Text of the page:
Portland, restaurant review: This venue gets the prize for the most-photographed dish of 2015

113 Great Portland Street, London W1, tel: 020 7436 3261

I know it's only three weeks since I said Kitty Fisher's Galician beef was probably going to be "dish of the year". Well, hold the hyperbole, because there's another contender already: the wild-game pithivier at Portland.

This neat little pastry parcel could start its own Instagram account, so often has it been photographed and shared on social media. And the way the restaurant serves it helps; it is brought to the table in its baking tray, golden and glistening, for the first shot. Then taken away and brought back, sliced – the big reveal! Click. Filter. Share.

It is served this way as it is designed for two, though on my first visit to Portland I misunderstand the significance of the dish and order fish, because I'm trying not to eat so much meat. My date is a little put out (even more so later, when a solo diner at a nearby table has a pithivier all to himself). And so we return a week later and eat it; it is stunning – crisp, melting pastry, a thick wodge of venison (on this occasion – it varies according to which game is good and available) and a rich mulchy layer of livery, mushroomy pâté. Strewn with black-truffle shavings, it comes with a silver jug of game sauce. At £18 per person, it's irresistible.

But back to that first visit.

The arrival of Portland in the slightly bland stretch north of London's Oxford Street is cheering news and with its pedigree, it's an opening I relish. In fact, the first visit is on day one of full service and I'm spotted straight away by patron Will Lander, who must have his antennae tuned for critics. He's one of the chaps behind the Quality Chop House – a restaurant so charming and delicious that I recommend it more than almost any other.

Lander – son of wine doyenne Jancis Robinson and food writer Nicholas Lander – has created a spare yet welcoming space. The room has one or two paintings and soft lighting, but a bustling open kitchen adds a frisson of youthful energy – chef Merlin Labron-Johnson's fresh face belying his experience as sous chef in Belgium's celebrated In De Wulf. Both are too young to remember when metal tube/wood veneer chairs were less chic, more canteen. It's a place you can imagine execs from the nearby BBC HQ block-booking, though whether Alan Yentob will be back after twice being unable to get a table is unclear…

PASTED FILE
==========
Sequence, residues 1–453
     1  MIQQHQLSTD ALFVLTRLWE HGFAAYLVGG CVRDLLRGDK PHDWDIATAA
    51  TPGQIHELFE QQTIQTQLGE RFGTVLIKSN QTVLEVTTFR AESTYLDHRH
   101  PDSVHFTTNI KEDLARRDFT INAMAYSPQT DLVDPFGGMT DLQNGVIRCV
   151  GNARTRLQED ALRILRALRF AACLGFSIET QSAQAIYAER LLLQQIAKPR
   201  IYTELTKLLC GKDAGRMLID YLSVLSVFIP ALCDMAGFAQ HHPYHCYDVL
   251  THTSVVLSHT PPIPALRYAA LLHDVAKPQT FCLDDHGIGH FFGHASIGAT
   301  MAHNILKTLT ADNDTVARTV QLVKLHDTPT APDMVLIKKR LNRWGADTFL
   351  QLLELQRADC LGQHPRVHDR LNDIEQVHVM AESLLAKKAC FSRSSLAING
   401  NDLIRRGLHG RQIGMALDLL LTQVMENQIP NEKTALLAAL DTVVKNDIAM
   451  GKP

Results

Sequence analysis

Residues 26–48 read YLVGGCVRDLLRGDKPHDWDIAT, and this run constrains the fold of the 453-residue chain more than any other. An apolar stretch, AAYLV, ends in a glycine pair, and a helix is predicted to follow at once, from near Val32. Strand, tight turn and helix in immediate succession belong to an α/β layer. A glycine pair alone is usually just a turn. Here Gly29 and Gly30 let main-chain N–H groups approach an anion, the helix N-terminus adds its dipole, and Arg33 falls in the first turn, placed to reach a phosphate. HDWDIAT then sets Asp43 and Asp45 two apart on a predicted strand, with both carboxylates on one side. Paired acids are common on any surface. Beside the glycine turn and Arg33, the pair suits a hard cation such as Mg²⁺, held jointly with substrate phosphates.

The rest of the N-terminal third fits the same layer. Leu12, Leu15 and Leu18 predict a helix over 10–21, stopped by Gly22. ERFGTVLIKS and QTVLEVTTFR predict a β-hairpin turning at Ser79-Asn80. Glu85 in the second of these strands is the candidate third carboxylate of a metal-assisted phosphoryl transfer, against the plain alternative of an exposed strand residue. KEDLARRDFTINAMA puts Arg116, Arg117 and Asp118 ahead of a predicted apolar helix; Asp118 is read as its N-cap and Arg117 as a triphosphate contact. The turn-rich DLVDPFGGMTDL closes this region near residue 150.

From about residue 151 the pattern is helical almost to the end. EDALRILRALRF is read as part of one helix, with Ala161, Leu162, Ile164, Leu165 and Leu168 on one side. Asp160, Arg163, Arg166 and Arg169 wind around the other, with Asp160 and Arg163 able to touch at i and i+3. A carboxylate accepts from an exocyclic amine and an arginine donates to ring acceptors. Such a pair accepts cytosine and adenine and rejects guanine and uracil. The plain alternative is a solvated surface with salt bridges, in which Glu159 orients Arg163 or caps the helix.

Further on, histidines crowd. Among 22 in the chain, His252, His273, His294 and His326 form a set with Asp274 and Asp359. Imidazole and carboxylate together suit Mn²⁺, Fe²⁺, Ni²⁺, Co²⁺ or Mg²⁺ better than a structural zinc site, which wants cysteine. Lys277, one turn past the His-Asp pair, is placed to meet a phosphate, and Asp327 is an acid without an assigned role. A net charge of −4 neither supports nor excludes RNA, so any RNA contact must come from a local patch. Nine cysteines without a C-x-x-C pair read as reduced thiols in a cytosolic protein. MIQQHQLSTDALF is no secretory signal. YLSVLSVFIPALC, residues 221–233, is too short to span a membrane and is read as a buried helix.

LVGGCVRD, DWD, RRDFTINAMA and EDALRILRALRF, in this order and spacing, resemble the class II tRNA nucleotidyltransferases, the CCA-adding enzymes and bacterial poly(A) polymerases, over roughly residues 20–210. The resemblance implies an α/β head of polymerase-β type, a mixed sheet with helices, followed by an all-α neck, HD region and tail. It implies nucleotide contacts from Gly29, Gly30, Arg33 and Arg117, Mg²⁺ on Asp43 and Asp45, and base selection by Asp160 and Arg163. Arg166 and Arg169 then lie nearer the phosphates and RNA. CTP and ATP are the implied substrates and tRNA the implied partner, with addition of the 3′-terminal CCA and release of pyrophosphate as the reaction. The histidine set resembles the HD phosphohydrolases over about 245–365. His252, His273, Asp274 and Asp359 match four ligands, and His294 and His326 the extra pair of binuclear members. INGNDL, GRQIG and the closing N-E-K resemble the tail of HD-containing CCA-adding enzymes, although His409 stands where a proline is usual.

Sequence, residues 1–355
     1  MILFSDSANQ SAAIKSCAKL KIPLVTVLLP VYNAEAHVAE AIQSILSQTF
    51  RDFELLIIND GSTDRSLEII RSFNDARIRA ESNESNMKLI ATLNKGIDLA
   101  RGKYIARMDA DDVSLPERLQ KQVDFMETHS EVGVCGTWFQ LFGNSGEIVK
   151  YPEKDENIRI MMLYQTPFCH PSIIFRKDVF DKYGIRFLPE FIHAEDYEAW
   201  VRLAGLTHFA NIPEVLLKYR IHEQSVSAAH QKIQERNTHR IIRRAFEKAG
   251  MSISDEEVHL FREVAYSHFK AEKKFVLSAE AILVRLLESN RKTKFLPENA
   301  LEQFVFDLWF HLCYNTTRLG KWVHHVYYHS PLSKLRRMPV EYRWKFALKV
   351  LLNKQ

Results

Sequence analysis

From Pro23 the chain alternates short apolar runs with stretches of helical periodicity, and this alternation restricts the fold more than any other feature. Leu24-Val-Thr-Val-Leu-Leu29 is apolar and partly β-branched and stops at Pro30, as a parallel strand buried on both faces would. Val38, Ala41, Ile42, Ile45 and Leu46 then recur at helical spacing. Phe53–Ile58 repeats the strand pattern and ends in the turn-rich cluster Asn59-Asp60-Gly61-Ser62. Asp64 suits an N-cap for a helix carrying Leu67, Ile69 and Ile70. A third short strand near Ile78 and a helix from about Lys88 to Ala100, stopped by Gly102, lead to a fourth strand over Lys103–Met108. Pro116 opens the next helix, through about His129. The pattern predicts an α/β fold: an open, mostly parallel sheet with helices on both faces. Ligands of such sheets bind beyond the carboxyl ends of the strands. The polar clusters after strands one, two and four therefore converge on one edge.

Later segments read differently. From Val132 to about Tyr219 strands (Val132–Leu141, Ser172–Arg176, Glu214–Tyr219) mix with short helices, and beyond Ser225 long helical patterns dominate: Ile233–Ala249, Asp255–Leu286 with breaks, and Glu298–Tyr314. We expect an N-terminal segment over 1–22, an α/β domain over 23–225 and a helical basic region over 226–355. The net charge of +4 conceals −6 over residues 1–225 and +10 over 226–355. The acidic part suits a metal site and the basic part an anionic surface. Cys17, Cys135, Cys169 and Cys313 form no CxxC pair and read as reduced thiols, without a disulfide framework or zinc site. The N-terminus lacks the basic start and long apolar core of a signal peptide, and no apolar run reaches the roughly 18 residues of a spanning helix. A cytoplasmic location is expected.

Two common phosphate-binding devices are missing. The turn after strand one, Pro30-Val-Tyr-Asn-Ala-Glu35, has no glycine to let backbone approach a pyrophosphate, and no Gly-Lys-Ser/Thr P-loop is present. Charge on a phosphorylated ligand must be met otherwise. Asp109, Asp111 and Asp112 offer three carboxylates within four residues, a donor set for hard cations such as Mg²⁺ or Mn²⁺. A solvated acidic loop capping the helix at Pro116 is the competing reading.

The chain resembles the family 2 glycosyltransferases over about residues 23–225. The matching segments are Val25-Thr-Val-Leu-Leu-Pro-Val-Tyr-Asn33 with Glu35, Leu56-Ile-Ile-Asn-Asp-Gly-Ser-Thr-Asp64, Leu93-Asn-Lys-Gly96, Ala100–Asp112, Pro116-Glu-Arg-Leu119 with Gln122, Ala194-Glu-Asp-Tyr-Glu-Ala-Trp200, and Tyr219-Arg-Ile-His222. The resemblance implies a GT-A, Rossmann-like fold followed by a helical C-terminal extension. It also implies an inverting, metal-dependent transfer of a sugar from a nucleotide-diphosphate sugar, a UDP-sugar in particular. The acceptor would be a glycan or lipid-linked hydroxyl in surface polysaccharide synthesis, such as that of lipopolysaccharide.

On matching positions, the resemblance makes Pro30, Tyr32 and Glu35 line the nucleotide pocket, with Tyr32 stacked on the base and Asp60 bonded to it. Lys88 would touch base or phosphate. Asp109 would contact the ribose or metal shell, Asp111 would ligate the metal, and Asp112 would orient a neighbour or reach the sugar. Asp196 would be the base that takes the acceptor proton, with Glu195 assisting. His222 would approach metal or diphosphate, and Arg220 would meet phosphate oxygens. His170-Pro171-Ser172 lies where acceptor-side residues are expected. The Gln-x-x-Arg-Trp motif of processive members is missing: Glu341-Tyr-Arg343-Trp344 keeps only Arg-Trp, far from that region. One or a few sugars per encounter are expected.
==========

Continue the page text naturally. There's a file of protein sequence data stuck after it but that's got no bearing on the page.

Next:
The wine list is, of course, fab, divided into "textbook", "leftfield" and "special", with almost all available by the glass; Lander's enthusiasm is clear, and he's a terrific guide. With our starters – lamb tartare with anchovy mayo, radicchio and grated egg yolk, and heritage carrots with Mimolette vieille and granola, both £7 – there's a Labet Chardonnay, described as an "Alpine version of white burgundy" (£11). It's the perfect foil for the rich dishes – the cheese beneath the dainty carrot stalks a creamy, salty purée, and the tangy mayonnaise with the lamb a force to be reckoned with. A side note: some say lamb is not as successful raw as cow, and the beef tartare dish at Kitty Fisher's is a stunner. But I'd argue that this is its equal, lamb having a more rewarding texture.

J's roast Crediton chicken with parsnip, ginger and roasting juices (£16) is the only less-than-stellar dish; although well executed, it's a tad small and neat for such a phwoar billing. I have pollock with baked Roscoff onion and cider because its billing is so very hum-ho – and the rather beige dish that arrives looks indeed a bit hum-ho. But the pearlescent fish is wonderful (just touched with heat then rested above the oven to gently warm though, Merlin explains later), and a darling little pan brimming with warming cider sauce adds much – onions cooked from strident into soft tang. This is a rather marvellous choice if you're eschewing gamey excesses.

I ruin my abstemious stance with pudding: a hazelnut éclair (why can I never resist an éclair?) is the equal of the finest Parisienne pâtisserie, and J's chocolate bar with peanut-butter praline and peanut ice cream is a sexy Snickers for snobs. With these, a "dry, moreish" Zinfandel at £5 a glass.

The pithivier might be the show-stopper but almost everything, from mouth-puckering snacks of pickled shiitake mushrooms to thick-sliced scallops in an earthy Jerusalem artichoke velouté, should make you smile. And not just for the camera.

8.5/10

Portland, 113 Great Portland Street, London W1, tel: 020 7436 3261. £110 for two, with wine

Four more foodie notes from the past week

Crumbs & Doilies

Outrageously good salted-caramel pretzel cake at this adorable new Soho bakery from YouTube baking star Jemma Wilson.

Grasshoppers

Delicious Oaxacan cuisine at Wahaca, courtesy of Mexican chef Alejandro Ruiz and Thomasina Miers. Stunning mescal, too.

Koffmann's

Creamy smoked haddock and poached duck eggs for breakfast at the elegant Berkeley hotel: an ideal mix of healthy and indulgent.

Chicken

Testing recipes from Diana Henry's new A Bird in the Hand cookbook for a review. This is no hardship: I could eat chicken every day.

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